CNA Financial Corp’s Q3 went very well for the insurer, which is slated to get a new CEO on Nov. 21. Net income soared, thanks to investment gains, catastrophe losses were relatively stable, and the combined ratio grew only slightly.
Net income came in at $343 million, or $1.26 per diluted share, versus $178 million, or $0.66 per diluted share during the 2015 third quarter. Catastrophe losses during the quarter hit $11 million after tax, largely due to U.S. weather-related events. That’s up from $10 million in catastrophe losses during the same period a year ago.
CNA’s property/casualty combined ratio was at 90.4 during the quarter, compared to 85.7 in the 2015 third quarter.
CNA’s results come as Dino Robusto, a veteran Chubb executive, gears up to become chairman and chief executive officer later this month, succeeding Thomas Motamed, who is retiring. Robustos’s appointment was in 2015, and since then, CNA has hired a number of former Chubb executives to fill key slots.
Here are result highlights:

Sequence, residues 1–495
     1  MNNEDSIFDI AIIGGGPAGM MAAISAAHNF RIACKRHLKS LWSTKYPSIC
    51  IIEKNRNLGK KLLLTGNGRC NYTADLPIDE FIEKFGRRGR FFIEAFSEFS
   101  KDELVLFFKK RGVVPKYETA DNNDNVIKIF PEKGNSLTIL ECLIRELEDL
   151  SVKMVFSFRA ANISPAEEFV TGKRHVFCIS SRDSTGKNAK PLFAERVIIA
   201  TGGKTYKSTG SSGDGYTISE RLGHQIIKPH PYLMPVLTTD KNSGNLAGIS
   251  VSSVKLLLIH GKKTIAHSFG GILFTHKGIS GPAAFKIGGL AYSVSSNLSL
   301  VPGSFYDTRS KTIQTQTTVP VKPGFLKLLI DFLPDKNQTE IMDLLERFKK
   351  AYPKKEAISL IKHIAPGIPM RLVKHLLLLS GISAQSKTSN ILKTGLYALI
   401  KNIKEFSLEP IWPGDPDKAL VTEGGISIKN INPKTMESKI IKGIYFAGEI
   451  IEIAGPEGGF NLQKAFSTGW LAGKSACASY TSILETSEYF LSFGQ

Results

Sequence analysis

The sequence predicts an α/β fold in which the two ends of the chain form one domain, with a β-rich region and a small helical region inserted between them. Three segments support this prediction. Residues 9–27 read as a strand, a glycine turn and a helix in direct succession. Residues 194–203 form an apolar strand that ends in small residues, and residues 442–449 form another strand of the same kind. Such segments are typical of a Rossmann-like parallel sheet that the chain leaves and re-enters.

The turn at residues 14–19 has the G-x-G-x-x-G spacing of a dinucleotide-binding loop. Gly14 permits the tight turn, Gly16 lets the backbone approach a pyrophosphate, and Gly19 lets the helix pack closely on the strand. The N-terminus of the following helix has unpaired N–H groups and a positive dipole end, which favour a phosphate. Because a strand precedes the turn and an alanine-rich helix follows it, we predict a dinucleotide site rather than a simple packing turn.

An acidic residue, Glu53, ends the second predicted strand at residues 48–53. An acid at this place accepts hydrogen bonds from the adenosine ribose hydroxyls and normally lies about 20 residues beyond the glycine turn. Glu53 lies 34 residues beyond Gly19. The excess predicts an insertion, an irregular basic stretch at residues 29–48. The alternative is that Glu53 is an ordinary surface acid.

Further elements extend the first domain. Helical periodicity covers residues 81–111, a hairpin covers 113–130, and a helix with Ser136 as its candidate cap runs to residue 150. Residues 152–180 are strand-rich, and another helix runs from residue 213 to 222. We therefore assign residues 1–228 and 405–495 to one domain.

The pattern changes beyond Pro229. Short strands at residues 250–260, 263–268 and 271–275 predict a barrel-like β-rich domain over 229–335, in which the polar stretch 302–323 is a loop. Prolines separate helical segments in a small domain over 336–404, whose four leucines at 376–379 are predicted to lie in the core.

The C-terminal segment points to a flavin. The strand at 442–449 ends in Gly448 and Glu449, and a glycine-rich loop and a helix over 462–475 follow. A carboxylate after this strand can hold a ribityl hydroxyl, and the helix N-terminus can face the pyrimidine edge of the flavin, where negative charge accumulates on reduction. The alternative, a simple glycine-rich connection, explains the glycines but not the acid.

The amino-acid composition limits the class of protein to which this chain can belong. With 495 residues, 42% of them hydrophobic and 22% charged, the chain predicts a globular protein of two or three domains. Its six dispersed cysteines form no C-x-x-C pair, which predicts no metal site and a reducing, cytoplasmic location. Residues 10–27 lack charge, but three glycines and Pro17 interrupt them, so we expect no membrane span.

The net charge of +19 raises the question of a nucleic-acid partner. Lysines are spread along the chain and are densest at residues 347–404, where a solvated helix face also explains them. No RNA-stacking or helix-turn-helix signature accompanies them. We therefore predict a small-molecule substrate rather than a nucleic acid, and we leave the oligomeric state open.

- Net investment income reached $371 million in Q3, a jump over the $265 million in net income produced during the same period in 2015. Executives credit the gains from limited partnerships, which returned 2.6 percent, versus 3.2 percent in the 2015 third quarter.
- Property/casualty net written premiums surpassed $1.6 billion during Q3, compared to $1.5 billion a year ago.
- Specialty insurance net written premiums were booked at $733 million, compared to $707 million in the 2015 third quarter. The division’s combined ratio was just under 80, compared to 74.4 over the same year-ago period.
- Commercial insurance net written premiums landed at $684 million, compared to $642 million in the 2015 third quarter. The combined ratio was at 99.8, versus 95.8 in the 2015 third quarter.
- Net written premiums for CNA’s international arm were booked at $207 million, up from $180 million in Q3 2015. The combined ratio here was 93.2, higher than the 90.4 reported a year ago.
- Most international growth came from middle market products in the U.S. and Continental Europe, and from product lines now being sold internationally in areas including healthcare and technology.
CNA disclosed in August that it would eliminate its Central zone branch network as a standalone zone and realign it into the property/casualty insurer’s other remaining U.S. market territories.